Today, April 26th, will see the new satellite building at Munich’s Franz Josef Strauss airport put into operation. BusinessClass was present at the opening last Friday, along with another 1,900 guests from around the world.

P1050639-720x532

Under the slogan “living the connection”, Lufthansa’s symphony orchestra got the festivities underway with a relaxed rendition of Robert Schumann’s Fifth Symphony. The orchestra was divided into several smaller units that played the piece in synch from different locations around the new terminal.

IMG_2004-720x480

A happy Carsten Spohr, Lufthansa’s CEO, was one of many speakers on the bill. It was an enjoyable event for him – not least because the new building was developed in close collaboration with Lufthansa, but also due to the economic success of the project. The satellite terminal was built within budget and on schedule; with a total cost of about 900 million euros.

IMG_2006-720x480-2

The new terminal is only accessible via a fully automated train that brings passengers from Terminal 2. We were pleased to see that the terminal’s 27 gates offered aircraft contact points and bridges. It is estimated that the airport has 52 “bus gates” in total. Although for many Munich Airport is preferable, for example, to Frankfurt, it is often the case that a bus ride to and from the aircraft is required – which takes time and is a bit cumbersome.

ATF8351-720x479

The new terminal will handle 11 million passengers – it is, in isolation, as big as Cologne airport. Until today, Terminal 2 had a total capacity of 25 million passengers. The satellite building is built in the same style as the rest of the airport, with key concepts being “airy, modern and straightforward.” Representatives of the airport stated to BusinessClass that, since the opening of Terminal 1 in 1992 and the opening of Terminal 2 in 2003, there has been an emphasis on making Munich a ‘relaxed’ airport. This fits in well with the myriad of personal experiences at the airport. One rarely sees big queues, it is very comfortable and there is a wide selection of shops and offerings. Also, the airport does not feel as big as it actually is.

IMG_1965

The covered ‘Marketplace’ outside the airport is another good example of the casual atmosphere. It is open to visitors who are not travelling, and, in fact, half of the airport’s income comes from non-aircraft related business.

10044_V-0216-0000b-720x509

The new terminal is a whopping 125,800 square metres and includes 20 security checkpoints and 44 passport controls. A full 22 transfer desks are also accommodated. In his speech, Lufthansa CEO, Carsten Spohr, expressed his delight that the airport is rated as a 5 star airport as more customers consciously choose to use it. The stress factor often associated with other airports of this size is not present in Munich, he said, and he is very proud of the cooperation he has had with airport authorities in connection with the development of the new building.IMG_2029-720x480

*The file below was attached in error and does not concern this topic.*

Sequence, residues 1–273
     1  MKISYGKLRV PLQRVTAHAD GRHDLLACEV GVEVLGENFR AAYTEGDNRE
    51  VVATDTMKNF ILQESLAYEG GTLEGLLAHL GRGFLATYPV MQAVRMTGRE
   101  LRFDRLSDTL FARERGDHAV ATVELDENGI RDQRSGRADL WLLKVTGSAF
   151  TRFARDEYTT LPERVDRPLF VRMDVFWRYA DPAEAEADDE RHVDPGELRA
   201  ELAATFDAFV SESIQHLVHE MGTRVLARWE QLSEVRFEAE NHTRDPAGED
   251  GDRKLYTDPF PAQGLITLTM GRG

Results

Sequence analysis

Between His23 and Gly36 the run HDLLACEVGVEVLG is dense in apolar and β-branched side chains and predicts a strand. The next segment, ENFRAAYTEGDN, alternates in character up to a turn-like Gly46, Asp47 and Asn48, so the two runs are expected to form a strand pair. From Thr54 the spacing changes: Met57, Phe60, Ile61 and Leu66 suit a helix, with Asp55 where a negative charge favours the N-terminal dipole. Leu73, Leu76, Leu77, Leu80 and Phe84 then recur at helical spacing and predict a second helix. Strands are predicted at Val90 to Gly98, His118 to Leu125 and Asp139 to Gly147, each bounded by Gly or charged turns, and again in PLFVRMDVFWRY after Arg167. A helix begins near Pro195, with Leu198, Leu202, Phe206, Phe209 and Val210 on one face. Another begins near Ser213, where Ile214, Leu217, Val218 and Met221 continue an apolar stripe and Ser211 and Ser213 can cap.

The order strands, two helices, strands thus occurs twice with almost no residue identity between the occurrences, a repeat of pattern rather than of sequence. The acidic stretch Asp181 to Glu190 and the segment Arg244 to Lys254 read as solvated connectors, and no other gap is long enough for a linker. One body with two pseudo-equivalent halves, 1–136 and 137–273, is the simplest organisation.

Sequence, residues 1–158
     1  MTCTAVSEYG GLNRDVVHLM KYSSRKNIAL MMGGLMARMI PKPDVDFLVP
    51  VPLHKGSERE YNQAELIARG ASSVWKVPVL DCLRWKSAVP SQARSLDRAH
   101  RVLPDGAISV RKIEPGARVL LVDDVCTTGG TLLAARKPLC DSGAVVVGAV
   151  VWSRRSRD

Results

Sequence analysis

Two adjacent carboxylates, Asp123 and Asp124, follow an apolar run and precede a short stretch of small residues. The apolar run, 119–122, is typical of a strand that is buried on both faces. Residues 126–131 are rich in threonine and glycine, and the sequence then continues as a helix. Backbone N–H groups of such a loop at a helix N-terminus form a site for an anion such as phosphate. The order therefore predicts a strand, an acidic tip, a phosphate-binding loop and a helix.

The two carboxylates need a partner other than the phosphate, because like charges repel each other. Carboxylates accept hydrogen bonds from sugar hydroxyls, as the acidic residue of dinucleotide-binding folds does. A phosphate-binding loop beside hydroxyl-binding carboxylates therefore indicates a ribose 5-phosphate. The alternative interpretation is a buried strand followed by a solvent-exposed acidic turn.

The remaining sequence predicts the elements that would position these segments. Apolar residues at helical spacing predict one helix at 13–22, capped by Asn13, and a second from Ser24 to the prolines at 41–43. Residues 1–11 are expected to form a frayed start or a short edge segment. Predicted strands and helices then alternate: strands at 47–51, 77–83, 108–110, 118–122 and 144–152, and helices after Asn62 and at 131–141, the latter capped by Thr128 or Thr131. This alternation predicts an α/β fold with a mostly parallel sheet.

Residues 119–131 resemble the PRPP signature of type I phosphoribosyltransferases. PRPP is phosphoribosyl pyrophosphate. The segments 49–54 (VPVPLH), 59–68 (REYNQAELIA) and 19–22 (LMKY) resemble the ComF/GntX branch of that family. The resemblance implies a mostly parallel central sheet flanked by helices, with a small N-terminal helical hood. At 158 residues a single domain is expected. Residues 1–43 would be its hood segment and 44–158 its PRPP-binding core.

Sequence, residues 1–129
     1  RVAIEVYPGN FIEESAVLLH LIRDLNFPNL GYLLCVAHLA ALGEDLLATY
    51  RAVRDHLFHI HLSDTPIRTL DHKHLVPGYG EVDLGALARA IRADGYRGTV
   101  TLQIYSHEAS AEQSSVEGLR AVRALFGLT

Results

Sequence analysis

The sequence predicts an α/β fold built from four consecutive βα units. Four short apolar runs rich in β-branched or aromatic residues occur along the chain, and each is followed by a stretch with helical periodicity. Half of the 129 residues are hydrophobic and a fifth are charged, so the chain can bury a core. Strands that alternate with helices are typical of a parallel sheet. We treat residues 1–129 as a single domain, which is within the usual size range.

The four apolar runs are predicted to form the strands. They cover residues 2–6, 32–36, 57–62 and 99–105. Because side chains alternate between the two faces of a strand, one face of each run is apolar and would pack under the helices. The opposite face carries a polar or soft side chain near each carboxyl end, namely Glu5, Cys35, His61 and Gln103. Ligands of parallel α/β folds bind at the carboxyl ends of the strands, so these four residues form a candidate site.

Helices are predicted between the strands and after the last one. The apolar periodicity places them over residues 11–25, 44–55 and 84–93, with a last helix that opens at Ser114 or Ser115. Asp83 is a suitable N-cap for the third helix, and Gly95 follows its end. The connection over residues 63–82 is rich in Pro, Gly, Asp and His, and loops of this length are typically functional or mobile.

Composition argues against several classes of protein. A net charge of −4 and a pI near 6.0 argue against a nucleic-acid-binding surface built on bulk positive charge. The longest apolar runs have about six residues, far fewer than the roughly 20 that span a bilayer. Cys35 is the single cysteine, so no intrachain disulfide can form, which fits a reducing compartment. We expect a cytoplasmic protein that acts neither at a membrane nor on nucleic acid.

The satellite building has no other access than via train or directly from a flight. One should, therefore, check in as usual in Terminal 2 before taking the train to the new building.

ATF1990-720x479

Three large duty free shops are available in the new satellite terminal, along with 7 restaurants and a variety of other shops.IMG_1999-720x480

The terminal feels bright and welcoming, and there is plenty of space to sit down and relax if you do not have access to the excellent lounge facilities on offer.IMG_2027-720x480

There are as many as five new Lufthansa lounges housed in the satellite terminal – together covering 4,600 square metres. That is almost double the number previously on offer in Terminal 2, which has 7 of its own. The new lounges are open, well lit (thanks to floor to ceiling windows) and relaxed. They also provide magnificent views toward the eastern part of the airport.IMG_2035-720x480

Of the five lounges, one is a new First Class Lounge, two are Senator lounges and two are Business lounges. IMG_2040-720x480

IMG_2061-720x480They are all in line with Lufthansa’s design concept and offer a consistently calm palette in earth tones.IMG_2054-720x480IMG_2041-720x480IMG_2058-720x480

The First Class lounge is approximately 1,000 square metres and can accommodate 80 guests. There is a generously sized dining area where you can choose from an a la carte menu and a very extensive buffet. Furthermore, a bar, cigar lounge and various rest areas are also available. A 100 square metre roof terrace with great views is also one of the lounge’s highlights. We were, unfortunately, not able to visit this lounge this time round.IMG_2069-720x480 IMG_2068-720x480 IMG_2067-480x720

The Senator lounges each hold 150 guests and are 900 square metres in size. They offer a pleasant Skybar with bartenders, 5 shower rooms and various zones for relaxing or eating. The Business lounges can cater up to 130 guests over a 700 square metre area. A Skybar is also part of the offerings here, along with work areas and a shower room.

IMG_2062-720x480 IMG_2071-480x720 IMG_2076-720x480